Motivation and emotion/Book/2022/ERG theory
What is Alderfer's ERG theory?
The ERG (Existence, Relatedness, Growth) model was created by Clayton Alderfer and was based on Maslow's Hierarchy of Needs. This model stands for Existence, Relatedness and Growth. It is a three factor model based on the theory of motivation (refer to Figure 1.)
Existence: Include all material and physiological desires (e.g., food, water, air, clothing, safety, physical love and affection).
Relatedness: Encompass social and external esteem; relationships with significant others like family, friends, co-workers and employers . This also means to be recognized and feel secure as part of a group or family.
Growth: Internal esteem and self actualisation; these impel a person to make creative or productive effects on himself and the environment (e.g., to progress toward one’s ideal self).
Alderfer's ERG theory explains that individuals can be motivated by multiple levels of need at the same time, and that the level of need which is most important to them can change over time. These levels of motivation can move upwards or downwards at anytime making the individuals priorities fluid.
Similar to Maslow's Heirarchy of Needs, Alderfer's ERG theory suggests that a person has three main core groups of needs. As with life, these needs shift and change over depending on priorities and life in general.
The first level is Existence and is categorised as a physiological need, also referred to as existence need. This entails categories such as food, water, shelter, and feeling safe. If you are unable to satisfy your existence needs then you are unable to move forward and reach your higher needs. For example, if you do not have enough food and don't have access to source any, then your life is in immediate peril and sourcing food will occupy most of your thoughts, at the expense of almost all of your other needs.
The second level is Relatedness and refers to our need to relate to other people and develop relationships. While it is not a survival need, human needs good relationships and interactions in order to be happy and content.
The third level is Growth and refers to our need of personal development, to be creative and perform meaningful work. This growth allows us to explore our day to day lives to see what potential may be in our environment.
Unlike Maslow's Hierarchy of Needs, Alderfer's theory allows multiple needs to be satisfied at the same time whereas Maslow's theory only allows for one level of need to be satisfied at a time. Within this theory, there are three aspects that provide an explanation to either the progress or ability to regress in reaching the three needs.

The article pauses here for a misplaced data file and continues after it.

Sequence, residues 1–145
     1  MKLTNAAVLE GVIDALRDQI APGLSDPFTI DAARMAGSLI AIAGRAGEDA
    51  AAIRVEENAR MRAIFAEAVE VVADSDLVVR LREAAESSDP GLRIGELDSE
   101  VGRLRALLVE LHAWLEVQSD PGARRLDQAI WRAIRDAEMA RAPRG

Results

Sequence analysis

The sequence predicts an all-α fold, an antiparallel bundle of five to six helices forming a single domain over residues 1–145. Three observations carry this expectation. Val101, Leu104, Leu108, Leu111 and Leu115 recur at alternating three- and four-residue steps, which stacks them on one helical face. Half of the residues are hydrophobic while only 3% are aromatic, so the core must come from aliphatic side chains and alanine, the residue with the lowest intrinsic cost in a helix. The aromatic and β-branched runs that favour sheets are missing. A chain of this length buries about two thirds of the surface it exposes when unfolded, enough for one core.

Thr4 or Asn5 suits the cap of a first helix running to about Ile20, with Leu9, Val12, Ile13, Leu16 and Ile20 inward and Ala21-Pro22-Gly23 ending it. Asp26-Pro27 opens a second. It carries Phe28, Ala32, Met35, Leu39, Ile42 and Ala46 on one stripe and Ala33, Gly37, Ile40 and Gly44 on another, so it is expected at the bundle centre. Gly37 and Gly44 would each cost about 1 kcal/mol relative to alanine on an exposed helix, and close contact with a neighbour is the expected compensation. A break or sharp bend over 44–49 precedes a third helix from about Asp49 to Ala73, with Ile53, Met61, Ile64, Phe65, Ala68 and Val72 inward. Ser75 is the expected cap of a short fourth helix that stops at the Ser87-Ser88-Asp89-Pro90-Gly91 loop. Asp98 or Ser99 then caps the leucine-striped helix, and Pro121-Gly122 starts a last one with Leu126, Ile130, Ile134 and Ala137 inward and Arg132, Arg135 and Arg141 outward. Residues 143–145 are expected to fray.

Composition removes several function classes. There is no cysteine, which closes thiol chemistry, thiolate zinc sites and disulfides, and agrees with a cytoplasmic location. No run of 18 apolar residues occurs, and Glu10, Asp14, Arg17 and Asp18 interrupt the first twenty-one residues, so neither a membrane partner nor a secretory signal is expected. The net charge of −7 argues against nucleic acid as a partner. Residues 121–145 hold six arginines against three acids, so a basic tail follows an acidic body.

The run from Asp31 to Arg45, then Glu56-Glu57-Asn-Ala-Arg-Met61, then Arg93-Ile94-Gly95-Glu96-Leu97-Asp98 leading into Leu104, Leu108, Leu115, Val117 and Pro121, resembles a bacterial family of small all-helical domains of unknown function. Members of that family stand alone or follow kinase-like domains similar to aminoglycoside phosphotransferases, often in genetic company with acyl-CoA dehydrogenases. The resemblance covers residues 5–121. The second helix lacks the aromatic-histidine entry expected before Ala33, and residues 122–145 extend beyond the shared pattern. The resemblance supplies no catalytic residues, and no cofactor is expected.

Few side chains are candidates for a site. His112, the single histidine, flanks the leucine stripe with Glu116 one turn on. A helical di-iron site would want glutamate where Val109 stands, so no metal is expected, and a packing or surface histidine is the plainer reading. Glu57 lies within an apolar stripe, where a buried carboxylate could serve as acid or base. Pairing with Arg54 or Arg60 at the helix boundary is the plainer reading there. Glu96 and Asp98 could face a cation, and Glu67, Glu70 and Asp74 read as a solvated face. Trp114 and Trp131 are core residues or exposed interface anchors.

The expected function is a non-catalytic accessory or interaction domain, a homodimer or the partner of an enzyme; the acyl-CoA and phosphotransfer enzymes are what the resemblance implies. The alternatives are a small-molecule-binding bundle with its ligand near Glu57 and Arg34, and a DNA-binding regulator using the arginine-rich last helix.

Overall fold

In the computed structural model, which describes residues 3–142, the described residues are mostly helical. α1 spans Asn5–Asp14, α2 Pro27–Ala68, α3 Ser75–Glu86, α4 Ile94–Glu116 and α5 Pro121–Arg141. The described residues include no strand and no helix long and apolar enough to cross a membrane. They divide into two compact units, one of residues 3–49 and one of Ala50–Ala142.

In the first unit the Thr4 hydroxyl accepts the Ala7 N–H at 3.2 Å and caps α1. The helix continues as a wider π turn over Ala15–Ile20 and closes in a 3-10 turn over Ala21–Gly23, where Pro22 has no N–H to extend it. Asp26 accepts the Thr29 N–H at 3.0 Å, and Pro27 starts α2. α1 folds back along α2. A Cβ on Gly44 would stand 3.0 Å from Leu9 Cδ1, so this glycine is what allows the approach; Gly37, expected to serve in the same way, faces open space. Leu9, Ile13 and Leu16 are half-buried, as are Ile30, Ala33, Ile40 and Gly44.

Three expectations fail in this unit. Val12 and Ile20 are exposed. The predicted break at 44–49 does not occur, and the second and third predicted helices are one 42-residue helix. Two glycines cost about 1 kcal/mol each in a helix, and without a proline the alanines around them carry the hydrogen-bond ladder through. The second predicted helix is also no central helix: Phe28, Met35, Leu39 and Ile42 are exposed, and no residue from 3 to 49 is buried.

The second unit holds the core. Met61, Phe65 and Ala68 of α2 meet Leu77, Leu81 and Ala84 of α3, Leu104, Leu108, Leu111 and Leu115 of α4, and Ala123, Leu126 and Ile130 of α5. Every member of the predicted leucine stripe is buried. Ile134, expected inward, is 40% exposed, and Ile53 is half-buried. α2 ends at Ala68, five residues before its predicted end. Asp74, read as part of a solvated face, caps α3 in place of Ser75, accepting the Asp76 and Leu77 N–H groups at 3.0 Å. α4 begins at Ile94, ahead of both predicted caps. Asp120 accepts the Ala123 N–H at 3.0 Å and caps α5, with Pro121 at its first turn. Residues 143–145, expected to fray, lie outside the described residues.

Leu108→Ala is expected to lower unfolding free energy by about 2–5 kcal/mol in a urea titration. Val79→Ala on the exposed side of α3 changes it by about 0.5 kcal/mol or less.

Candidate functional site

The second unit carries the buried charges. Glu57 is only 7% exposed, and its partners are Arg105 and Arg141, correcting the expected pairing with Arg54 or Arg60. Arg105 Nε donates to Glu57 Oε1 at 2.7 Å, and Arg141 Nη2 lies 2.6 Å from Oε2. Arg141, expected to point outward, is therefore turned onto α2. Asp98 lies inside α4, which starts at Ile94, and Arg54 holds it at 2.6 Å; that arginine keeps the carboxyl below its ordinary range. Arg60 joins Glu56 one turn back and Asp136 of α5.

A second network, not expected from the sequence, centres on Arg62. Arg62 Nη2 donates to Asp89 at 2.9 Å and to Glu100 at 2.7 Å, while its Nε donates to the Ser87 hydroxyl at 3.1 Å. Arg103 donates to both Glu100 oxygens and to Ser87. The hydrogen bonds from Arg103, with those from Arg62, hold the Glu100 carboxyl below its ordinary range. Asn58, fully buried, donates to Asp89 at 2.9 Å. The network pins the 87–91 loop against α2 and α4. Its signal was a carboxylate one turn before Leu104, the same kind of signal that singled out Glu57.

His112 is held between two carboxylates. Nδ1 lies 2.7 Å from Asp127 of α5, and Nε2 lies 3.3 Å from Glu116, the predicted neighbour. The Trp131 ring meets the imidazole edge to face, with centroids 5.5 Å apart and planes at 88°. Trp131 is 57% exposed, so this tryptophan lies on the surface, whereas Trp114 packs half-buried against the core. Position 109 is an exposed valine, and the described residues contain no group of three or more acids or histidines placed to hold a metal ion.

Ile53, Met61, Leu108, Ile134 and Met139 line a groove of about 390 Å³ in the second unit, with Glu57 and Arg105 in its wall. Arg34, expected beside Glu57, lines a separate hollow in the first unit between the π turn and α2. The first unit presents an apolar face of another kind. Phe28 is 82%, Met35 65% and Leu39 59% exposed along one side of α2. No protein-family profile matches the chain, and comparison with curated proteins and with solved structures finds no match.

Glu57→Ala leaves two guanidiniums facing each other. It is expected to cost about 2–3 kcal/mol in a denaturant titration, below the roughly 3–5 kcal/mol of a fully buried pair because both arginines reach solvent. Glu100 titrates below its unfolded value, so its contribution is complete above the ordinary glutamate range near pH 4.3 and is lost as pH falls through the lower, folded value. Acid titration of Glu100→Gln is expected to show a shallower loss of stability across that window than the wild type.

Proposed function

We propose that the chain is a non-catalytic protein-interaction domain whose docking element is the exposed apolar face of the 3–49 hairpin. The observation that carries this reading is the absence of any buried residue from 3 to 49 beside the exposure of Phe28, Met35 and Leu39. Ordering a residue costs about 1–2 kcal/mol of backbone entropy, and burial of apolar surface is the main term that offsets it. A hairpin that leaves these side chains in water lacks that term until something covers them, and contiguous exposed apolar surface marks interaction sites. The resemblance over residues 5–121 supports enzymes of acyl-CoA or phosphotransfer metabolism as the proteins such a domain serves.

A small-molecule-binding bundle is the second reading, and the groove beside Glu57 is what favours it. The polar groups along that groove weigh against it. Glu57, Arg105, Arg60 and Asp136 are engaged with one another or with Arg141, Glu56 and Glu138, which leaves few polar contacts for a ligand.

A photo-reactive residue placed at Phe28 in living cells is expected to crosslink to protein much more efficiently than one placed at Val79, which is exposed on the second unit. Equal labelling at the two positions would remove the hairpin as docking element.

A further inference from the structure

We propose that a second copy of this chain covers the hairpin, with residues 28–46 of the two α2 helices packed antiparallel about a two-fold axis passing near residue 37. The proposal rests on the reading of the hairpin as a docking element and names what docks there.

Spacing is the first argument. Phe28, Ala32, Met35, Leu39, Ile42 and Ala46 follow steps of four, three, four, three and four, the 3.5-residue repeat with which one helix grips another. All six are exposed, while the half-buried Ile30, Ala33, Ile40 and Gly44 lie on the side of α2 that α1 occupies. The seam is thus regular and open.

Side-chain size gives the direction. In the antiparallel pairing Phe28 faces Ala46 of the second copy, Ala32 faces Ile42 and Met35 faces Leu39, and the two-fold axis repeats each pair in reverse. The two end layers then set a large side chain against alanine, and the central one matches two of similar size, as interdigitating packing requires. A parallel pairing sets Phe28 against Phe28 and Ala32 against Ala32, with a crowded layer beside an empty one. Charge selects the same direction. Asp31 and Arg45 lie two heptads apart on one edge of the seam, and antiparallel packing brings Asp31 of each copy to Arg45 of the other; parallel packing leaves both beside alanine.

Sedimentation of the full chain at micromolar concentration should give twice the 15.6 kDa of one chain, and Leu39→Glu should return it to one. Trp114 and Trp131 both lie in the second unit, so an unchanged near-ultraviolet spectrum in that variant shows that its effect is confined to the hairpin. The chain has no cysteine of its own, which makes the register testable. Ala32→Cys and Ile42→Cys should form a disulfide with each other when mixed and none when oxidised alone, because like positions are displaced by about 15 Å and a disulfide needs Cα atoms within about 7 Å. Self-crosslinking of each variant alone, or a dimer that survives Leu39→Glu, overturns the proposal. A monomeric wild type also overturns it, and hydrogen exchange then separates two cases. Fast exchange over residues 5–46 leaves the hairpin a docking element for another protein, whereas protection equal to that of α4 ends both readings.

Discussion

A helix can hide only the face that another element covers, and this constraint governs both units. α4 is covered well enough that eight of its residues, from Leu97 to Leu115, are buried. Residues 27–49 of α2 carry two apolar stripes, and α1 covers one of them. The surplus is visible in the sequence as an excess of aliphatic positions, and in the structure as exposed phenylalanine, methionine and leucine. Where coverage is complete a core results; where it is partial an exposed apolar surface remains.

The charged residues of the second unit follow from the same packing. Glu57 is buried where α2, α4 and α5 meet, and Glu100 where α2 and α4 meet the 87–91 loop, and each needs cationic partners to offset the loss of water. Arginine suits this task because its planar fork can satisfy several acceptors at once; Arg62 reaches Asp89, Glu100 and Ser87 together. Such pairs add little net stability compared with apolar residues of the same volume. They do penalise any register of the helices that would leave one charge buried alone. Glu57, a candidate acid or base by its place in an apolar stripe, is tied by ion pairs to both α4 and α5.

Satisfaction-Progression refers to satisfying a need and moving on to higher-level needs. If a person moves from satisfying his relatedness needs to his growth needs, it does not necessarily mean that his existence needs are satisfied.
Satisfaction strengthening refers to satisfying a current level of satisfied need again and again. This relationship suggests that a current level of need can be satisfied over and over again when the individual fails to satisfy a higher-level need.
Frustration Regression Principle proposes that if a higher level need is not satisfied, a person may regress backwards to a lower level in order to fulfil their lower needs first. For example, if an ambitious employee is not given growth opportunities or duties which utilise their knowledge and skill set, then their motivation will drop. This will result in them becoming frustrated and focusing on their relatedness goals instead, which would involve forming relationships with other colleagues and socialising with the team more.
More information can be found here Motivation and emotion/Textbook/Motivation/Self-actualisation
Applying The ERG theory to everyday scenariosEdit
The ERG theory can be applied to a variety of everyday situations including career choices, the workplace, owning a business and even in relationships.
Example: Career Choice
First step would be to think about your ecological needs (how much money do you need to pay your bills?). Second step is to think about your social skills and needs ( Are you extroverted or introverted?, what environment do you thrive in?). Lastly, you need to think about your ambitions and expectation levels ( What kind of life do you want to live?). By addressing each step in the ERG theory, this will enable you to make the best career choice to result in success based on the three main core groups of need.